Effectiveness of social development in crime prevention

Boston

Boston has a violent crime rate of 389 offenses per 100,000 (population 630,648) (FBI 2013). It developed a comprehensive crime reduction plan with its major focus being education. The Circle of Promise strategy aims at enhancing student achievement, after school period creates idle time that can result in gang recruitment. The Community Learning Initiative creates programs to engage the youth during these periods.

Boston is part of the federal Defending Childhood Initiative aimed at harnessing federal resources raise awareness on youth violence and to mitigate the negative impacts of youth exposure to violence. The city has enhanced communication and information sharing on crime and crime prevention techniques. As part of its community policing program, the city has promoted the community participation in the efforts to reduce youth violence. These initiatives are aimed at improving the social standards of the youth, creating a safer environment in the future (Jeffrey 2012).

San Jose

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With a violent crime rate of 160.8 offenses per 100,000 (population 976,459) San Jose is one of the safest cities in California (FBI 2013). It has implemented its Action Collaboration Transformation (ACT) plan since 2008 that is aimed at ensuring youth succeed in school, community and achieve their dreams. ACT collaborates with of community residents, school administrators, law enforcement and youth to create public awareness about violence and violence prevention, and expand service delivery to the residents of San Jose.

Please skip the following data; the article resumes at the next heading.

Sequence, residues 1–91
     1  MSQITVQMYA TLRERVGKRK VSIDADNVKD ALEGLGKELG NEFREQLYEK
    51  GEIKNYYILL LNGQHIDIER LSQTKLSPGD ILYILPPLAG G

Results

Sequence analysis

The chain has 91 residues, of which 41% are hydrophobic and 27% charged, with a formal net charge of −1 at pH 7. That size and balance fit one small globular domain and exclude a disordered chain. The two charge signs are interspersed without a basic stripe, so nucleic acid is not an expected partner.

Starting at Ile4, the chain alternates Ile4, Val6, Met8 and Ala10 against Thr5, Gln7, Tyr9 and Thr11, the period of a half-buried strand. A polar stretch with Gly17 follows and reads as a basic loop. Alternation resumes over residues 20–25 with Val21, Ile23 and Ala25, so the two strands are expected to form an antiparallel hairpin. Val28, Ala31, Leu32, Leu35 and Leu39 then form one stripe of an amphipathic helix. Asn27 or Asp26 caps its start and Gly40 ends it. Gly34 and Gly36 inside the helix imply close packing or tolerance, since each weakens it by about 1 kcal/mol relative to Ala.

Collaboration initiatives have increased the efficiency of city agencies and freed resources by eliminating duplication. Stakeholders in the collaboration fund and participate in youth-oriented programs that address the issues underlying youth violence such as mental health, relationships with their families and education. The strategies address these issues through mentoring and role modeling, volunteer activities, job training, substance abuse counseling, sports intended to keep youth busy and build their physical and mental abilities (Jeffrey 2012).

Recommendations

To achieve significant success utilizing crime prevention through social development approach, I recommend a three tier implementation system: Individual-level, family-level and community-level policies and strategies.

Public policies should be aimed at achieving the following goals: ensure families have the ability to meet children’s growth and developments through income policies which reduce social inequality meet their developmental needs. Investment into education will be aimed at strengthening young people. Having a large sector of the population skilled and educated is the basis of a healthy and a functional community. These institutions play an important role in crime prevention and community development by defining morals and perceptions.